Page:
Before reading this novel, I re-watched Studio Ghibli’s Spirited Away(千と千尋の神隠し) to get ready to find any similarities between the two stories. While reading through this novel, you will see some characters and patterns that are similar to Spirited Away(千と千尋の神隠し). But the atmosphere and story is completely different. Both are great in their own way. So do not pick up this novel thinking that is will be a Spirited Away(千と千尋の神隠し) repeat. Watching Spirited Away(千と千尋の神隠し) will not give you a edge in following the story line of The Marvelous Village Veiled in Mist(霧のむこうのふしぎな町).
I was hoping that I would have been able to recommend this novel to N4 level students, but sadly that wasn’t the case.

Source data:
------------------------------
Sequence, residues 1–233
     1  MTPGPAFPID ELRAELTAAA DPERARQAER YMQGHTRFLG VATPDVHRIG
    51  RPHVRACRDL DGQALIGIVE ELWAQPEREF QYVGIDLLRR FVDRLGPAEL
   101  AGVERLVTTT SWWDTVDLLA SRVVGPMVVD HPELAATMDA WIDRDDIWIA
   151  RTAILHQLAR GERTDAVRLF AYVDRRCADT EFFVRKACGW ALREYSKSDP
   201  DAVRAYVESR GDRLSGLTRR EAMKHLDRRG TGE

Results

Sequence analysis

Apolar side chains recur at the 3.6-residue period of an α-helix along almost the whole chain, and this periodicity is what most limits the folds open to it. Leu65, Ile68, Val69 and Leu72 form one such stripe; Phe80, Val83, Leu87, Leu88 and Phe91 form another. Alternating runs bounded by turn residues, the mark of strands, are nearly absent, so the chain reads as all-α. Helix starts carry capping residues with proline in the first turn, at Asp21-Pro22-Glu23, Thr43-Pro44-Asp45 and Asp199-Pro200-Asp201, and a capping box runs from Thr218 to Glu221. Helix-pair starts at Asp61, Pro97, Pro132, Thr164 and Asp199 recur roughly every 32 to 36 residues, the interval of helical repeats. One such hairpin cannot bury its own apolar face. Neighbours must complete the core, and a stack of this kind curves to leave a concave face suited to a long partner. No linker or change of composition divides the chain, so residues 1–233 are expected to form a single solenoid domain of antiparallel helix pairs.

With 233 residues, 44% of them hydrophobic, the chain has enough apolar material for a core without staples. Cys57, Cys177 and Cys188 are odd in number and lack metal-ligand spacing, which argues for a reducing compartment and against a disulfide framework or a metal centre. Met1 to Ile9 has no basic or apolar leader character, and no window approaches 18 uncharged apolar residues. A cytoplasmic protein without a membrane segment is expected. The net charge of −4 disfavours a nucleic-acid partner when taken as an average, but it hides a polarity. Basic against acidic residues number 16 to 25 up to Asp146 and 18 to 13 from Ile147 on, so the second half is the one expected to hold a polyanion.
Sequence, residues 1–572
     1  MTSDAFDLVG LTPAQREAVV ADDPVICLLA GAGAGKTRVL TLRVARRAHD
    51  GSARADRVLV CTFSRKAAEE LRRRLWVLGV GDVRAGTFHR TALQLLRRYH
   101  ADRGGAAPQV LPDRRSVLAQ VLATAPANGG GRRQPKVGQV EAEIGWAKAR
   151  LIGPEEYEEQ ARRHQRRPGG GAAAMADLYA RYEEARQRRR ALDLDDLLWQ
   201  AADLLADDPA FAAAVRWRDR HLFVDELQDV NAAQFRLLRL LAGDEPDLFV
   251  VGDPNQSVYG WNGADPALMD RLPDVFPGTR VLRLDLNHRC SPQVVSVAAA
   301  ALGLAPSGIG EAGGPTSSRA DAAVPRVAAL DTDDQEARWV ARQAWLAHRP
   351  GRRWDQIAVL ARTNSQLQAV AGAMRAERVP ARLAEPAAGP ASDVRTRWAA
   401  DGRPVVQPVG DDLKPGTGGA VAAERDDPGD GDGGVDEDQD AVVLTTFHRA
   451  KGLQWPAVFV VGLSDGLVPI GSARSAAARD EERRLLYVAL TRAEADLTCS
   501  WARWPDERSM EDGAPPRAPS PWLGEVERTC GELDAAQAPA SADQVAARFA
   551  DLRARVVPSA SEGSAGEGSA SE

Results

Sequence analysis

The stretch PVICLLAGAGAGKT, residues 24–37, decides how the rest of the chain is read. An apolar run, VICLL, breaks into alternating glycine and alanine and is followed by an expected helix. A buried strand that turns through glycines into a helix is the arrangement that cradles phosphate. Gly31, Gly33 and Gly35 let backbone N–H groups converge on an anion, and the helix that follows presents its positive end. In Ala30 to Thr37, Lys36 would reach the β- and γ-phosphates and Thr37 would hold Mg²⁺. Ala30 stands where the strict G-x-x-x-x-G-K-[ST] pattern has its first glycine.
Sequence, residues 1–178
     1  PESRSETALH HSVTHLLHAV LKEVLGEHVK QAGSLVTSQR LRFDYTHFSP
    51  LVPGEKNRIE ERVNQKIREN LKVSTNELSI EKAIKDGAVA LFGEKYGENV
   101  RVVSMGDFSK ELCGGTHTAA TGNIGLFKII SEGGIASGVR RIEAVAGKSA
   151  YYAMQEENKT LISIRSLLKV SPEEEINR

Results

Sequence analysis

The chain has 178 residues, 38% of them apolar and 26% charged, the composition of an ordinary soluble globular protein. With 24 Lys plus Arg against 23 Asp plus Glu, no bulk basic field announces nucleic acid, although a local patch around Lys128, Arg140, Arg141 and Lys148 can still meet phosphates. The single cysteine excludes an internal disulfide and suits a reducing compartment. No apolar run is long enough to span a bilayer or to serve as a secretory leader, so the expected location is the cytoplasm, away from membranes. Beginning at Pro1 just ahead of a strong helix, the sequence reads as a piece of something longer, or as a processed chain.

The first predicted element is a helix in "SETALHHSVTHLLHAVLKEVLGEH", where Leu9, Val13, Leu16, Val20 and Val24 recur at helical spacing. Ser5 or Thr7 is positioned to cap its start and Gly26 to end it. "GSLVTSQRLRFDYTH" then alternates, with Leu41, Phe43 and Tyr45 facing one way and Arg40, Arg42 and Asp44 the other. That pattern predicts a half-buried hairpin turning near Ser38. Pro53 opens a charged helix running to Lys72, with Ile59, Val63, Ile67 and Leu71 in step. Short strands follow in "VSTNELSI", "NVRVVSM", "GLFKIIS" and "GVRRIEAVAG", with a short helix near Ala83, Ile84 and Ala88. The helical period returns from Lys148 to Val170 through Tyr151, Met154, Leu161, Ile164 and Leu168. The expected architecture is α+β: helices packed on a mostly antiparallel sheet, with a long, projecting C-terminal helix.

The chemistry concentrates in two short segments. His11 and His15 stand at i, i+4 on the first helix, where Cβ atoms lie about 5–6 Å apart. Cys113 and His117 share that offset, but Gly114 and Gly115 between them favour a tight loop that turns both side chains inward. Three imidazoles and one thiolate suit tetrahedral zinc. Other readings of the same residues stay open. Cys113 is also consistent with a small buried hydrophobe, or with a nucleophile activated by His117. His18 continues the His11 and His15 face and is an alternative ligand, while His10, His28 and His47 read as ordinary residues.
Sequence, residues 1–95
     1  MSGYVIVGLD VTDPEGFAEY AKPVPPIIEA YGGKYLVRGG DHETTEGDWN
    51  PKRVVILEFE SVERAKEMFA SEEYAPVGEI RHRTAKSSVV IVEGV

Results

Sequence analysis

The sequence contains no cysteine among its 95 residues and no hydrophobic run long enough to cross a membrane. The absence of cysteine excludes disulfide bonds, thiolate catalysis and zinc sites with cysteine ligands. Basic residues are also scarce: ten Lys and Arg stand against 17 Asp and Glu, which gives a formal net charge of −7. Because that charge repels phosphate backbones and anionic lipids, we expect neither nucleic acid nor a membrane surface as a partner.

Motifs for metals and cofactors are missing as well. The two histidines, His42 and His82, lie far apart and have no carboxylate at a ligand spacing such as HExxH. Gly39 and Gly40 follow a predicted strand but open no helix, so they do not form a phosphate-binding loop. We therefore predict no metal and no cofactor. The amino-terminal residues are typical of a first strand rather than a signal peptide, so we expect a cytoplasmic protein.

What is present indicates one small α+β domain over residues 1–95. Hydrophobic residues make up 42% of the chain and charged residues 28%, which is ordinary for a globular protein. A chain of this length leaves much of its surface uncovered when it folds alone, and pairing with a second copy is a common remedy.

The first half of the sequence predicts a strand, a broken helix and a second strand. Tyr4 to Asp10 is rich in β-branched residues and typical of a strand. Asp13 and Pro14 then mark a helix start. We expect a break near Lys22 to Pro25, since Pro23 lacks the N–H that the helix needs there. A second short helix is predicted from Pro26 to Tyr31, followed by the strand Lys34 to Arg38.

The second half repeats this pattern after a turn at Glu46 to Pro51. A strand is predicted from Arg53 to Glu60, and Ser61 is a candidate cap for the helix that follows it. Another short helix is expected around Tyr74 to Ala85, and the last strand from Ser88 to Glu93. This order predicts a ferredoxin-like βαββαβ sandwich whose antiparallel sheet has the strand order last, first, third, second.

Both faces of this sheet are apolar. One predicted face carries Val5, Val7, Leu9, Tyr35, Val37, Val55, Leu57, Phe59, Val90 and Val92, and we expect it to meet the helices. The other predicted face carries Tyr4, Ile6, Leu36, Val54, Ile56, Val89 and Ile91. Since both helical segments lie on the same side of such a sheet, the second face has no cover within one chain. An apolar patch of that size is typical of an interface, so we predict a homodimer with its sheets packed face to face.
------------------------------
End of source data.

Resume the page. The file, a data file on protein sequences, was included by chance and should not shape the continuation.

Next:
Just to give some background to my current level. I have been using Japanese for a long time now, but just decided somewhat recently to be more serious about gaining fluent literacy. In 2020 I finished reviewing over JLPT N2 materials and have started on N1. I am planning on taking N1 in 2021. I started reading novels in 2020 and have read over 30 to completion.
Vocabulary: N3 level student(low intermediate)
I think that readers with a solid understanding of N3 (low intermediate) level vocabulary will not find vocabulary as a barrier to understanding the plot of this book. While there will be more advanced words, the use of furigana will help make it easier for language learners to look up the meaning of each word in the dictionary. While this story is about a weird town and the strange things that happen there, the words used in the book are usually still general use words.
The only specific vocabulary group that sticks out to me is magical creatures.
Grammar: N3-N2 level student(intermediate)